The Ex-Centris Cinema, one of the hippest art house theatres in Montreal, has unfortunately decided to stop showing films as of March. The Ex-Centris has been a haven for Indie film enthusiasts since 1999, providing an assortment of experimental films that are otherwise unavailable in larger theatres. Despite its popularity as a theatre, the Ex-Centris has chosen to use its space for other types of multimedia, such as dance and performance art.
I visited a few of my film professors to get their take on the end of the Ex-Centris. I was particularly curious to see if they feel art cinema still generates enough interest to gain a substantial fan base. I sat down with Professor Derek Nystrom, who is distraught at the loss of his favourite theatre, and Professor Michael Crochetière, a Canadian filmmaker as well as a member of the McGill staff. Both share a similar sentiment about alternative cinema: though never as popular as its reigning counterpart, Hollywood, it is an essential force in shaping the cultural terrain.
As a student with a budding interest in film, I can understand how alternative film may not be appealing to everyone. They’re what Crochetière politely calls, “an acquired taste.” Unlike conventional narrative cinema, which allows us to easily read the elements of a movie, experimental film stubbornly refuses to be as straightforward. And without any background knowledge of film theory, some experimental cinema can be virtually inaccessible.
However, these films often provide a more compelling perspective than the formulaic crowd-pleasers, and rarely shy away from controversial subject matter. And because film is such an excellent medium for social and political exchange, maintaining marginalized voices ensures a healthy dose of counter-cultural critique. Unfortunately, the dominion of mainstream cinema frequently works to relegate alternative viewpoints to the fringes of popular culture. The key to sustaining unconventional film is allowing for maximum exposure. And small venues like the Ex-Centris play a critical role in maintaining its cultural viability.
However, as Nystrom reminded me, “Art cinema rarely succeeds as a business model. It’s forced to rely on its patrons to keep its doors open.” Other small theatres are feeling the economic pinch and risk losing business to their larger competitors. Cinéma du Parc, a student favourite for its friendly discount, was forced to temporarily close a few years ago. Though they are back in business, their movie selection is growing increasingly mainstream. While this move may be financially necessary, it seems absurd for these small theatres to show conventional films given their main appeal as an alternative cinematic experience.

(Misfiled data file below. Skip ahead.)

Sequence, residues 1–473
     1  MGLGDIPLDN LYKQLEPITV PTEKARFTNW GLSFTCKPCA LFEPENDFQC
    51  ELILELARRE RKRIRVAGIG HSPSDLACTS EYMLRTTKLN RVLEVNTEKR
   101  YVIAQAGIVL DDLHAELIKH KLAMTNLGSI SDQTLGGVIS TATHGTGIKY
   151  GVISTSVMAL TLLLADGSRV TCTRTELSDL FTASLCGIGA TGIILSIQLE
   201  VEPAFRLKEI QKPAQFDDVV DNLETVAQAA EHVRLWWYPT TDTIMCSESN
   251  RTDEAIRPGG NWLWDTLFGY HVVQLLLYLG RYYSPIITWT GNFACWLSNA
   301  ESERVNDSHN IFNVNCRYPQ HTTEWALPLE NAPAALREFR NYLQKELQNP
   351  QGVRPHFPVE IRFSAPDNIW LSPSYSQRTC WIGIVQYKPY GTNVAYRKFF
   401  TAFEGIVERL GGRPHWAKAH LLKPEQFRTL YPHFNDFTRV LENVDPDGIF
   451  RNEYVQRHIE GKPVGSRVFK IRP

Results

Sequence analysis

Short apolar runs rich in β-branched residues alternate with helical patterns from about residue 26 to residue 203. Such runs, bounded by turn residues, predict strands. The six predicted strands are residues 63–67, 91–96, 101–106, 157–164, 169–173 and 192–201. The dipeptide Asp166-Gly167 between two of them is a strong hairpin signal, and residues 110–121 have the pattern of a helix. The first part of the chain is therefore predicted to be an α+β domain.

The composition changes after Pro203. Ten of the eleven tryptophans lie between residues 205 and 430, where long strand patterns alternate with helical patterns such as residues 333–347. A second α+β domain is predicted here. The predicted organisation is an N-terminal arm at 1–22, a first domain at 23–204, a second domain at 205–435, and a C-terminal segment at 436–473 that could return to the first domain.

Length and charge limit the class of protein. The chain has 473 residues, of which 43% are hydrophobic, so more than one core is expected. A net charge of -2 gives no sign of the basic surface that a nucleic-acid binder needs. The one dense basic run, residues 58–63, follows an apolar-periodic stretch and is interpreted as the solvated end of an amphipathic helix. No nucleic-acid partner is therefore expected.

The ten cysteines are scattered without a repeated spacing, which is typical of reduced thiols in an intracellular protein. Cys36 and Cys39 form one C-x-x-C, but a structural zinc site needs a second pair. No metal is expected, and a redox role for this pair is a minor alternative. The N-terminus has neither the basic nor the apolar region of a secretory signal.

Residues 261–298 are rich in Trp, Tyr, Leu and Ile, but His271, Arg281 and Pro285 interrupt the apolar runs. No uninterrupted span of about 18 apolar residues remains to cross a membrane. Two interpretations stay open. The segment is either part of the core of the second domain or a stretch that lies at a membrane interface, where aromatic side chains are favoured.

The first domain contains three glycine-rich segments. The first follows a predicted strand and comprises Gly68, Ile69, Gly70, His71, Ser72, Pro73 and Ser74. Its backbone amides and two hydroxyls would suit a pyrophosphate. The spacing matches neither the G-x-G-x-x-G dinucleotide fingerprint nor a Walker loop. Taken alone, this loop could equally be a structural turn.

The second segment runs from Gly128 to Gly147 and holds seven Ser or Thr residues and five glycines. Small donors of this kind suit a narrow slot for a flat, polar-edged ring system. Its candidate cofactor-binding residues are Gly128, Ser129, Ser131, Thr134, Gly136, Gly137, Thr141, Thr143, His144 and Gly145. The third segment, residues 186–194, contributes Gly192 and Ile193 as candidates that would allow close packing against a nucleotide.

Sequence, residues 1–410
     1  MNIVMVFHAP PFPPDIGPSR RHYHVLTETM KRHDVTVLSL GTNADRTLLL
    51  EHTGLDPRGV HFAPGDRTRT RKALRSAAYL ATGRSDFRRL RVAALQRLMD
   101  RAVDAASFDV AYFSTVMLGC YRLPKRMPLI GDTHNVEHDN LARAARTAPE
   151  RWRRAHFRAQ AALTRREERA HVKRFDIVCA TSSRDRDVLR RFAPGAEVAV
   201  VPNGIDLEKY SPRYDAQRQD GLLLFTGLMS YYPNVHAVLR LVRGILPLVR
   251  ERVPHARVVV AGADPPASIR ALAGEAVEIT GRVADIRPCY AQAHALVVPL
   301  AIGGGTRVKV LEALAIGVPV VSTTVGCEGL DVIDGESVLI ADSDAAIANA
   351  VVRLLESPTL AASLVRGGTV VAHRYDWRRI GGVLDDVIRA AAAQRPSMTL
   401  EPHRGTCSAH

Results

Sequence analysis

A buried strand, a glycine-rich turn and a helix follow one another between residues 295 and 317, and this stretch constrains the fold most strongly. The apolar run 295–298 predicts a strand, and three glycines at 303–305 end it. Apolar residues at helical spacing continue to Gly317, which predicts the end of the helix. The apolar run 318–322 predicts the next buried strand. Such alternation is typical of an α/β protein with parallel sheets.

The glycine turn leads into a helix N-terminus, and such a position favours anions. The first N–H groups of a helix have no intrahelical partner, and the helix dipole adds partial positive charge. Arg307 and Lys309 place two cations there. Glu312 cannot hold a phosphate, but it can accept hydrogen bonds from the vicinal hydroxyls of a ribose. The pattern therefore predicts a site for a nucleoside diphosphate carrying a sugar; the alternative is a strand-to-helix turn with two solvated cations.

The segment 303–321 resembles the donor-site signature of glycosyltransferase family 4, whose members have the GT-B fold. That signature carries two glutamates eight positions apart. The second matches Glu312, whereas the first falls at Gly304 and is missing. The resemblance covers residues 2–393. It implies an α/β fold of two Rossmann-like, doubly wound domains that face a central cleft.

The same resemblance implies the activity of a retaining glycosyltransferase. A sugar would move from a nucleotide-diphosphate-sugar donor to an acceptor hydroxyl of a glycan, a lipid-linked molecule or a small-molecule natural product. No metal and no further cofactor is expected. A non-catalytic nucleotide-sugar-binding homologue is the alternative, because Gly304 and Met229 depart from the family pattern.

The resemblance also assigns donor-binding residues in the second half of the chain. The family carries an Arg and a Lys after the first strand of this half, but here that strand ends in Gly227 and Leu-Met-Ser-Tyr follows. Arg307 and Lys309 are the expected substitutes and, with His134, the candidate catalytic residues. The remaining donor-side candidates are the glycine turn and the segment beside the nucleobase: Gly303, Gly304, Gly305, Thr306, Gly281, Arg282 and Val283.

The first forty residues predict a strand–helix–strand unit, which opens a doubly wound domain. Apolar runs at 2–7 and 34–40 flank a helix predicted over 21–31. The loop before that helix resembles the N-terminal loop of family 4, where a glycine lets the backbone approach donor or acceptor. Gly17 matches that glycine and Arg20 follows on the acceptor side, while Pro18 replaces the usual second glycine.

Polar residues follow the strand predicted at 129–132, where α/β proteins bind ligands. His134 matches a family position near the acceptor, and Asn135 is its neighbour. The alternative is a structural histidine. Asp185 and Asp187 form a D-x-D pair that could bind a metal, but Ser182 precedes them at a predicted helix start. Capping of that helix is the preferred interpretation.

The delicate balance of revenue and creative freedom dominates the motion picture industry, as filmmakers and theatres alike must pander to the demands of the market. Unfortunately, this often leaves alternative films in the dust. As an independent Canadian filmmaker, Crochetière is painfully aware of this fact. He tells me, “Even if you look for a Canadian film at Blockbuster, you have to look for it in the foreign film section. It’s quite ironic.”
For local filmmakers in particular, the end of the Ex-Centris is a dramatic loss as it is one of the few theatres that screen amateur films. Without the help of art house cinemas, aspiring artists have little hope of achieving a theatrical release of their work. In a city that is overflowing with creativity, it would be a shame to lose such talent.
Montreal film lovers are hoping that the president of the Ex-Centris, Daniel Langlois, will change his decision to cease film screenings. The Facebook group “Sauvons le cinéma à l’Ex-Centris” has garnered well over 6,000 members, proving a significant protest to the loss of the theatre. Unless Langlois changes his mind, the Montreal film community – and the social and political dialogue it fosters – will have to find refuge elsewhere.